Propagation by Cuttings
Pandanus tectorius can be grown from large cuttings. In Micronesia, selected forms of Pandanus tectorius are propagated by stem cuttings. Plants with aerial or prop roots are selected and about 2/3 of the leaves are trimmed off to reduce water loss. Moriarty suggests using a mature branch with leaves and some small aerial roots and rooting it in a sand bed. Plants grown from cuttings fruit in 4 to 6 years. (Bornhorst 1996; Manarangi 1992; Moriarty 1975; Stone et al 2000)
Propagation by Division
Not applicable.
Propagation by Air Layers
Not applicable.
Propagation by Grafting
Not applicable.
Propagation by Tissue Culture
No information located to date.
Bornhorst, Heidi L. 1996. Growing native Hawaiian plants: a how-to guide for the gardener. Honolulu: The Bess Press. p. 52-53.

Bornhorst, Heidi L. "Help with Pandanus question." Personal email. Posted 9 May 2000.

Hensley, David, Rhonda Stibbe, and Fred Rauch. 1997. Hala, Ornamentals and Flowers, OF-17. Honolulu: Cooperative Extension Service, College of Tropical Agriculture and Human Resources, University of Hawaii at Manoa. (Also available as a PDF file at Free CTAHR Publications.)

Lamb, Samuel H. 1981. Native trees and shrubs of the Hawaiian Islands. Santa Fe, New Mexico: Sunstone Press. p. 51-52.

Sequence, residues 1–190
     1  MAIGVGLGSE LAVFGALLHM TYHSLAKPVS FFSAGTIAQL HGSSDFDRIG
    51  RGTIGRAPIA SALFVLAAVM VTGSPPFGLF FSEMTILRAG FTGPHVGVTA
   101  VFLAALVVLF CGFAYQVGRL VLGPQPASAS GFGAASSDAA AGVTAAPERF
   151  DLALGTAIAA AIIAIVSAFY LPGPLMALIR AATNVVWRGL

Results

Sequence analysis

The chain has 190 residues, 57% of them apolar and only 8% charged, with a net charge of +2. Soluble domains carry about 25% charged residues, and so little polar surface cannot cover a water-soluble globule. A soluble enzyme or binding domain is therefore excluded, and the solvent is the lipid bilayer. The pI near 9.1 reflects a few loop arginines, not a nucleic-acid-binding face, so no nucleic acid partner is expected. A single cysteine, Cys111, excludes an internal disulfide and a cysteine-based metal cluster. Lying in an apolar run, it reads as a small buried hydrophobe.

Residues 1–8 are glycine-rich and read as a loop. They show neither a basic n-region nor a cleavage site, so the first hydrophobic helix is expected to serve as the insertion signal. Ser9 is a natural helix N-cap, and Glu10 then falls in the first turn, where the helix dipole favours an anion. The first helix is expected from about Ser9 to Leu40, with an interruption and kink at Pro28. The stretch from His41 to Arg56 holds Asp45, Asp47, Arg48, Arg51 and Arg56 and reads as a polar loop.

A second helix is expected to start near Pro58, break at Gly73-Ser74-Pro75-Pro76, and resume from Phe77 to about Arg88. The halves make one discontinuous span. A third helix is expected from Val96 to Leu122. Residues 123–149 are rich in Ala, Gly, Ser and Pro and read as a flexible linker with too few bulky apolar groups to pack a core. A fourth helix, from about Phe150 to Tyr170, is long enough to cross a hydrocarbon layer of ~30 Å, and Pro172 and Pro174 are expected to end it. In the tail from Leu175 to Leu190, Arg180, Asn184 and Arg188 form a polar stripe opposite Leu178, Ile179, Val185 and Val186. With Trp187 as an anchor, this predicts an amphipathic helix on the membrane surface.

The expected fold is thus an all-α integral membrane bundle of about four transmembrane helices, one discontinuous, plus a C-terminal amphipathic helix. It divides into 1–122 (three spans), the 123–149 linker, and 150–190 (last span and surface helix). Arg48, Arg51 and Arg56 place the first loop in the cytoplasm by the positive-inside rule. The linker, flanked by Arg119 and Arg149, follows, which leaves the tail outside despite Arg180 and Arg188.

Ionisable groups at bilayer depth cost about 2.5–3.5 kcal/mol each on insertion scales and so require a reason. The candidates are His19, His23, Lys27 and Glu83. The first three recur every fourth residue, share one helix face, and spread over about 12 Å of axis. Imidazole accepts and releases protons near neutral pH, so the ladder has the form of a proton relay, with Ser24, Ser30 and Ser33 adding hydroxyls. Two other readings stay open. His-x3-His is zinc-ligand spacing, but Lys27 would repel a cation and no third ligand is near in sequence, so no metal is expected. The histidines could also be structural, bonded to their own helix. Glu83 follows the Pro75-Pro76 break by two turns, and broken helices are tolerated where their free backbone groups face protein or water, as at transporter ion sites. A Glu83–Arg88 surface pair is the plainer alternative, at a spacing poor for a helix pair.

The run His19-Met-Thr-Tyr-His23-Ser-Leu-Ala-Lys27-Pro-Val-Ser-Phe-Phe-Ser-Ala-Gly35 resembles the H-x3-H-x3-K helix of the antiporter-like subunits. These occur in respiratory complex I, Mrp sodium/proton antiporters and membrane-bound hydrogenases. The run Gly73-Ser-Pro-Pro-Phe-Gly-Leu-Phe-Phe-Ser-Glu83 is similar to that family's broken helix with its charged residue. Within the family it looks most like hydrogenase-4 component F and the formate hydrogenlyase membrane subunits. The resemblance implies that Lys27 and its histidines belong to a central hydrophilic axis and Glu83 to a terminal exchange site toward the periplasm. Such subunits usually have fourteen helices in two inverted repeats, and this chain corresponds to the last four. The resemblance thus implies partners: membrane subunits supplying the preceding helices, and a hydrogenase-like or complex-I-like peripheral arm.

Lee, M. A. B. 1989. Seed and seedling production in Pandanus tectorius. Biotropica 21 (1):57-60.

Manarangi, Anau. 1992. Agricultural research in the atolls of the mid-Pacific on tree crops other than coconut. In A review of agricultural development in the atolls; invited papers from the international conference on developing agricultural research programs for atolls. Pacific Harbour, Fiji, November 1990. Wageningen, Netherlands: Technical Centre for Agricultural and Rural Cooperation. p. 125-129.

Meilleur, Brien A., MaryAnne B. Maigret, and Richard Manshardt. 1997. Hala and wauke in Hawai'i. Bishop Museum Bulletin in Anthropology 7. Honolulu: Bishop Museum Press. p. 1-32.

Moriarty, Dan. 1975. Native Hawaiian plants for tropical seaside landscaping. The Bulletin of the Pacific Tropical Botanical Garden 5 (3):41-48.

National Tropical Botanical Garden (NTBG). 1996. Ten native Hawaiian trees for urban landscapes. Lawai, Hawaii: Education and Plant Science Departments. National Tropical Botanical Garden.

Stone, Earl L., Leo Migvar, and William L. Robison. 2000. Growing plants on atoll soils. Livermore, California: Lawrence Livermore National Laboratory.

Wagner, Warren L., Darrel R. Herbst, and S. H. Sohmer. 1990. Manual of the flowering plants of Hawai'i. 2 vols., Bishop Museum Special Publication 83. Honolulu: University of Hawaii Press and Bishop Museum Press. p. 1479-1481.

Search Database

Browse Database --
By Botanical Name
By Common Name

Other Native Hawaiian Plant Sites

Other Plant Propagation Sites

Database Bibliography

Database Home Page

Other CTAHR Databases

The image in this record is used with permission from Dr. Gerald Carr's Web site "Hawaiian Native Plants" at

Last updated:
16 February 2002

Please send comments and suggestions to